'Dangerous' prescription drugs sold to UK patients and addicts without checks through regulation loophole …


Online doctor sites are doling out powerful painkillers and dangerous prescription medicines to UK patients, including recovering addicts, with few checks and no oversight from medical watchdogs, an investigation has found.

A loophole in the regulatory system means that firms operating in the UK but contracting GPs overseas to see patients and prescribe over email or video chat cannot have their safety inspected by the Care Quality Commission (CQC).

The watchdog called for a change in law after a BBC Panorama investigation, to be broadcast later today, found vulnerable patients could access drugs through online doctor sites which would not be issued in person.

Former opiate addicts Sarah and Sunny were easily able to order drugs – including opiate painkiller dihydrocodeine and another drug, pregabalin, dubbed “the new valium” – through a company called UK Meds.

Volunteers for Panorama gave false medical histories when completing the online questionnaire and asked that their own GPs were not contacted.

“The package has arrived so quickly, less than 24 hours since I ordered the pills and they’re here. How surprising is that? It’s shocking and disgusting,” said Sarah, after receiving her pregabalin delivery.

The company cannot be inspected by the CQC because it uses GPs based in Romania, contracted through its sister company EU General Practitioners.

TV medic Dr Christian Jensen features prominently in pictures and videos on its website, though he says he does not endorse any specific brand or prescribe medications.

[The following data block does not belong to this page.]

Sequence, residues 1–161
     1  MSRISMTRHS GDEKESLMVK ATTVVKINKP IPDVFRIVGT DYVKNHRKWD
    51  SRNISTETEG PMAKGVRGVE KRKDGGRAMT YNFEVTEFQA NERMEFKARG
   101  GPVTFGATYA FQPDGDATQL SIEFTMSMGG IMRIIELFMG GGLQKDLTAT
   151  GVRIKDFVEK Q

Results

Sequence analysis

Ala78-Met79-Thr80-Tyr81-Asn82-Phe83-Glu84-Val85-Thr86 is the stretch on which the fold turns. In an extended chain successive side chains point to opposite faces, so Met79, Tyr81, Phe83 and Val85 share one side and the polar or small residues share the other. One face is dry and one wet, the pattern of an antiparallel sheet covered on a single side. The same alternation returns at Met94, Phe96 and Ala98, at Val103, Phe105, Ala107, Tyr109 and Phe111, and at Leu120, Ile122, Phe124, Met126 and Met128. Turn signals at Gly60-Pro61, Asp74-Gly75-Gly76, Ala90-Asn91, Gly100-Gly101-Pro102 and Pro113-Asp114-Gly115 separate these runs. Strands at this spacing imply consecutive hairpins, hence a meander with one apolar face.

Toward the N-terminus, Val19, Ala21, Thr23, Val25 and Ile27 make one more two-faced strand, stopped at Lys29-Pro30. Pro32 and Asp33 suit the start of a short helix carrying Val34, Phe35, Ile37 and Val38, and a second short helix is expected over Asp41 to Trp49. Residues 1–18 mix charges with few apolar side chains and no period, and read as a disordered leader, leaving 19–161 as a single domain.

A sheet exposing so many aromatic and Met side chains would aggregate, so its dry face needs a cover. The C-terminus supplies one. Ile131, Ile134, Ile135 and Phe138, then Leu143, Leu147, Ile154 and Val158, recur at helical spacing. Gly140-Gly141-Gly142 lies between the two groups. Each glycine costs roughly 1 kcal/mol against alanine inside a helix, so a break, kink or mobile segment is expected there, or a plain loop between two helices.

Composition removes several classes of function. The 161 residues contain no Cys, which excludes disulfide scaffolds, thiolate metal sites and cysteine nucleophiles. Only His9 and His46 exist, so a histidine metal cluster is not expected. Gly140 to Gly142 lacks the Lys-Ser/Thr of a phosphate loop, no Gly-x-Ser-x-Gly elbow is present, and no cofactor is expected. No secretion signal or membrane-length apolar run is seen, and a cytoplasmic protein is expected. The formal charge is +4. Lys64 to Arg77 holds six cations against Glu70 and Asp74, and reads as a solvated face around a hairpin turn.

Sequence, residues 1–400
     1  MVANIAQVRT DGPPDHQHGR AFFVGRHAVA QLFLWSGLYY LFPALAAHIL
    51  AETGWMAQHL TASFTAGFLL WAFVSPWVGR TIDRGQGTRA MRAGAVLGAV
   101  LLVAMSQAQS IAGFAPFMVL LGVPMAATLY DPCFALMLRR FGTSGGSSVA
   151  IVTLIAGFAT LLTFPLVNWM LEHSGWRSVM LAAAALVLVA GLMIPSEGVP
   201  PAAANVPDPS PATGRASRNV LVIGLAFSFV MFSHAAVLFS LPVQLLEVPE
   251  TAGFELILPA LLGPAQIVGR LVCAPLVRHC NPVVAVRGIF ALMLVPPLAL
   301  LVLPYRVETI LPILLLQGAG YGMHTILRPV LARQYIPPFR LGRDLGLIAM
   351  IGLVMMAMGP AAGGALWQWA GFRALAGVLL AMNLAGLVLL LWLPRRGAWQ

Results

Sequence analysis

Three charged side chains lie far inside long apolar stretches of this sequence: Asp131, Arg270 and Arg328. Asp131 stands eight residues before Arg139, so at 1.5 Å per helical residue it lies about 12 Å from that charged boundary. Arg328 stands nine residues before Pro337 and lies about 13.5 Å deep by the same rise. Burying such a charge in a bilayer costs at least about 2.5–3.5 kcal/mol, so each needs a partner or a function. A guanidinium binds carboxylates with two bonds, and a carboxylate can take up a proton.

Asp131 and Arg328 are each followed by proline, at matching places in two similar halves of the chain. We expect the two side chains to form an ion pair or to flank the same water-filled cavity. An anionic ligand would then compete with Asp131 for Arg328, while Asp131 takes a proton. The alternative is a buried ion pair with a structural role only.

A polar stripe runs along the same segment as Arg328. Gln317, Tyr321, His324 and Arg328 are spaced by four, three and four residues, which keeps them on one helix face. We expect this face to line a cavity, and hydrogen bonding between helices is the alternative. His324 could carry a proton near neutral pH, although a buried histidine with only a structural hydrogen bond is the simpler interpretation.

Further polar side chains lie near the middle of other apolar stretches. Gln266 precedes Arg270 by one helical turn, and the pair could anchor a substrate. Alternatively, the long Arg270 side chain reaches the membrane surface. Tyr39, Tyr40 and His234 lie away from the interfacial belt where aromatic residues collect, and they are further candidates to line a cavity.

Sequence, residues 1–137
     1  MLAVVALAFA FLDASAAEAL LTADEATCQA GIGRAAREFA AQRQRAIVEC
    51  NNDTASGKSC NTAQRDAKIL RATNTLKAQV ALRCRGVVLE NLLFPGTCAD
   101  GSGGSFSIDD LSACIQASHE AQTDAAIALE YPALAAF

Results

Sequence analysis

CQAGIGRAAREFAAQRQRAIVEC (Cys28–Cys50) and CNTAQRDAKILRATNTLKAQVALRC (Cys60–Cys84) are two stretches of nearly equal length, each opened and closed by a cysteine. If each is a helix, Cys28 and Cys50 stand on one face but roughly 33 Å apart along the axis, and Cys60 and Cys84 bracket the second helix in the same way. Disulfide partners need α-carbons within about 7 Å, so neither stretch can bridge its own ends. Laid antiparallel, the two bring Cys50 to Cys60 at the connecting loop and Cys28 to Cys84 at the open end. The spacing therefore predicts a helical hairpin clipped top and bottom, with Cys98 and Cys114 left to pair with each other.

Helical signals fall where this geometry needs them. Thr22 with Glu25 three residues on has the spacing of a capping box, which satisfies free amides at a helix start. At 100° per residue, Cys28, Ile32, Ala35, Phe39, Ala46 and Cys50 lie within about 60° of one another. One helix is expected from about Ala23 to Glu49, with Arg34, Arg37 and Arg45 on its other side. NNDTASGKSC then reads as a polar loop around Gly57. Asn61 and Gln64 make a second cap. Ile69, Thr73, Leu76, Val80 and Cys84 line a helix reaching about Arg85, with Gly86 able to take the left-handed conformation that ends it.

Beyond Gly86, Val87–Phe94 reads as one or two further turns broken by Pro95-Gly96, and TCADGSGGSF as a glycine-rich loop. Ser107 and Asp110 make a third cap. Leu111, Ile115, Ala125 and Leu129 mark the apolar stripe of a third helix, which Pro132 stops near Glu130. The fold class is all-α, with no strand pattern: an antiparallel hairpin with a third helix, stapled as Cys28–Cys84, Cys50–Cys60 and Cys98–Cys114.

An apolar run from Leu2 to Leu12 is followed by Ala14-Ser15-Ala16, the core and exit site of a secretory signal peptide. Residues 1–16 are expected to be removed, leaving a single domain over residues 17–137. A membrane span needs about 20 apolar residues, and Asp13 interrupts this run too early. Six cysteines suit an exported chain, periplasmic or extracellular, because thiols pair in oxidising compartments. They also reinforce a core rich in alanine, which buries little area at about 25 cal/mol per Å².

UK Meds told the programme that patient care and safety is at the core of its business. A spokesperson added they are regulated by the UK drug regulator the MHRA and the General Pharmaceutical Council, and all the doctors they contract through the Romanian company, EU General Practitioners, are registered with Britain’s General Medical Council.

The CQC inspects private and NHS GPs and hospitals, including online services, on a range of standards including the safety of their care and prescribing.

Another company, EuroRX, was set up by a former UK doctor Julian Eden, the Britain’s first online doctor, who was struck off in 2009 after prescribing to a 16-year-old boy through his website E-Med.

Eleanor, who was treated for anorexia as a teenager, was able to order a three month supply of prescription slimming pills after giving false information in an online questionnaire.

The drugs were prescribed by a Romanian doctor hired through EuroRX and delivered in days.

“I’ve got so many diet pills here, and if I’d still been in the depths of my illness it would have been so dangerous for me, literally a massive, massive box of them,” Eleanor said.

Julian Eden later told Panorama that he respects the CQC and has never sought to evade it’s oversight. He said his shareholding in EuroRX is simply a sensible business investment in wider markets, all of which are subject to their own regulators.

Professor Steve Field, chief inspector of general practice for the CQC, said of the programme’s findings: “As a GP it makes me very angry that patients are put at risk, and as a regulator it makes me even more certain that we need to try and get the legislation changed so that people can’t just bypass our regulatory activities.”



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